tvReview: It's not going to set the comedy world alight but it's a gentle evening watch
Arts and Entertainment
Umar Ahmed and Kiran Sonia Sawar in ‘My Name Is...’
Theatre
Arts and Entertainment
This year's Big Brother champion Helen Wood
arts + ents
Independent
Travel Shop
the manor
Up to 70% off luxury travel
on city breaks Find out more
santorini
Up to 70% off luxury travel
on chic beach resorts Find out more
sardina foodie
Up to 70% off luxury travel
on country retreats Find out more
Have you tried new the Independent Digital Edition apps?

ES Rentals

    Independent Dating
    and  

    By clicking 'Search' you
    are agreeing to our
    Terms of Use.

    Middle East crisis: We know all too much about the cruelty of Isis – but all too little about who they are

    We know all too much about the cruelty of Isis – but all too little about who they are

    Now Obama has seen the next US reporter to be threatened with beheading, will he blink, asks Robert Fisk
    Neanderthals lived alongside humans for centuries, latest study shows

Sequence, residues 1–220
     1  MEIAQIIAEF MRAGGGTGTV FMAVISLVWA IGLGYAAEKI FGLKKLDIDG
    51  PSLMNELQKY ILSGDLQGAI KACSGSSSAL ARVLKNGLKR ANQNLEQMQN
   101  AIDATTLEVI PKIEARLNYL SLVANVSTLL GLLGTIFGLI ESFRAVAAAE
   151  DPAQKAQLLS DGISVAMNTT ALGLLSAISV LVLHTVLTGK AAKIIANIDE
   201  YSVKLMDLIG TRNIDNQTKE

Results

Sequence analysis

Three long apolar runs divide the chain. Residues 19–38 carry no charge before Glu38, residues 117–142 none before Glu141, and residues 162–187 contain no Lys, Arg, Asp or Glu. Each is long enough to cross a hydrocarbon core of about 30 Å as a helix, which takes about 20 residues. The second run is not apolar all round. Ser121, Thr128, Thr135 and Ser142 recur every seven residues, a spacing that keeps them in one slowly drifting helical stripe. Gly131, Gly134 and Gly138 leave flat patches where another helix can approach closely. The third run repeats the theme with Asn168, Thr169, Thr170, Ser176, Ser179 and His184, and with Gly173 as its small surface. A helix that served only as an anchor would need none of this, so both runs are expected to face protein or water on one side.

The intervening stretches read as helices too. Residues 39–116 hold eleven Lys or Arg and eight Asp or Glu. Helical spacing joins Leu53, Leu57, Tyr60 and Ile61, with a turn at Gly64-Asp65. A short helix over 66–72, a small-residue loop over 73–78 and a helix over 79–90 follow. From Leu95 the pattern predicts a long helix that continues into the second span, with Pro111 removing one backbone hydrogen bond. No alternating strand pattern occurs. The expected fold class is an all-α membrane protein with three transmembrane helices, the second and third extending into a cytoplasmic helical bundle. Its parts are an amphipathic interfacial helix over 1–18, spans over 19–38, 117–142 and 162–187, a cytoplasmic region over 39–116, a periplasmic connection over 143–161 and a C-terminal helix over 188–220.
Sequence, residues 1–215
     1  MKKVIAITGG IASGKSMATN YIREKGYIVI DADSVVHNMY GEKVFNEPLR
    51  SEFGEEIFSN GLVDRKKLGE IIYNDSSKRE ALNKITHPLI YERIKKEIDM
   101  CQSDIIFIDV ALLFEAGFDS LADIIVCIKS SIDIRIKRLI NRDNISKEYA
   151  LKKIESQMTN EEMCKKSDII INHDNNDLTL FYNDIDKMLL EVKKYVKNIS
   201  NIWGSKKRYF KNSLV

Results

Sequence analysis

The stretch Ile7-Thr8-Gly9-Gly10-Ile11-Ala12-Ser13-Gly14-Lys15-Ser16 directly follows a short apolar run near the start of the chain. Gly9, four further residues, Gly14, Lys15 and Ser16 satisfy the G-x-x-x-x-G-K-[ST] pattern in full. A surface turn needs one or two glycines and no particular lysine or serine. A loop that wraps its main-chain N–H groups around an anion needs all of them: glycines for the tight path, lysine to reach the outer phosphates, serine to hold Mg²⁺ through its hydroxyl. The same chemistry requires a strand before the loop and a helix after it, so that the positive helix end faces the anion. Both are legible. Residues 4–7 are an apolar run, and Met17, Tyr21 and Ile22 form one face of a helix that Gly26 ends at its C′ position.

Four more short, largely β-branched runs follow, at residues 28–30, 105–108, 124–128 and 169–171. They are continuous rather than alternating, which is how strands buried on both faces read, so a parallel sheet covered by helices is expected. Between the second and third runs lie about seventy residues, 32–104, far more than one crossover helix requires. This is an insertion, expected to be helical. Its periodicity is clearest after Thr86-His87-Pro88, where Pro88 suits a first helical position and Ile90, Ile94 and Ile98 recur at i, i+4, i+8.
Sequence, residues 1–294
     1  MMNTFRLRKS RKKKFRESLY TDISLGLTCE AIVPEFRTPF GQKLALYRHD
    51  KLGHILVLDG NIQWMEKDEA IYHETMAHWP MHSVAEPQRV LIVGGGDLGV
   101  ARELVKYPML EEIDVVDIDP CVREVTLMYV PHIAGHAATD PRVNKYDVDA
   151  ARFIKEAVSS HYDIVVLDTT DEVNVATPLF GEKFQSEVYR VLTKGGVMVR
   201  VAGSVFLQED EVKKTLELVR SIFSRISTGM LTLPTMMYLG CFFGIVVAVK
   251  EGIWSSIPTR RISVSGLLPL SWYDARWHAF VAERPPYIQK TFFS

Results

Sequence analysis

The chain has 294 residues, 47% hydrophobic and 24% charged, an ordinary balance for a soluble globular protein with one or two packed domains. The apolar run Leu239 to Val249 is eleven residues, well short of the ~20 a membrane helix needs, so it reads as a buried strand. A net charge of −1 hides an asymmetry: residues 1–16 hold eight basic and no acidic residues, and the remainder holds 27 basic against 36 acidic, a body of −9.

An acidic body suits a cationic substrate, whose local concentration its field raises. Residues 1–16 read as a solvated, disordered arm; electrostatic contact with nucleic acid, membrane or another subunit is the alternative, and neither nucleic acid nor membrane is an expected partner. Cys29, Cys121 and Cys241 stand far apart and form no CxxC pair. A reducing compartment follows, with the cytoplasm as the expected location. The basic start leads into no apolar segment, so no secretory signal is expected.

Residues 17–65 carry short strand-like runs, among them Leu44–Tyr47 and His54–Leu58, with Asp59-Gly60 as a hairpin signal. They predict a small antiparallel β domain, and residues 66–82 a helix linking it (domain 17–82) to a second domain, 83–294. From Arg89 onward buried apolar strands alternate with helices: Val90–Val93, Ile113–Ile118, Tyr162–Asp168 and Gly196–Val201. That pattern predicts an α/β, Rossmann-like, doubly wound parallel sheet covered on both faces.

Final resting place of our Neanderthal neighbours revealed

    Bones dated to 40,000 years ago show species may have died out in Belgium species co-existed
    Scottish independence: The new Scots who hold fate of the UK in their hands

    The new Scots who hold fate of the UK in their hands

    Scotland’s immigrants are as passionate about the future of their adopted nation as anyone else
    Britain's ugliest buildings: Which monstrosities should be nominated for the Dead Prize?

    Blight club: Britain's ugliest buildings

    Following the architect Cameron Sinclair's introduction of the Dead Prize, an award for ugly buildings, John Rentoul reflects on some of the biggest blots on the UK landscape
    eBay's enduring appeal: Online auction site is still the UK's most popular e-commerce retailer

    eBay's enduring appeal

    The online auction site is still the UK's most popular e-commerce site
    Culture Minister Ed Vaizey: ‘lack of ethnic minority and black faces on TV is weird’

    'Lack of ethnic minority and black faces on TV is weird'

    Culture Minister Ed Vaizey calls for immediate action to address the problem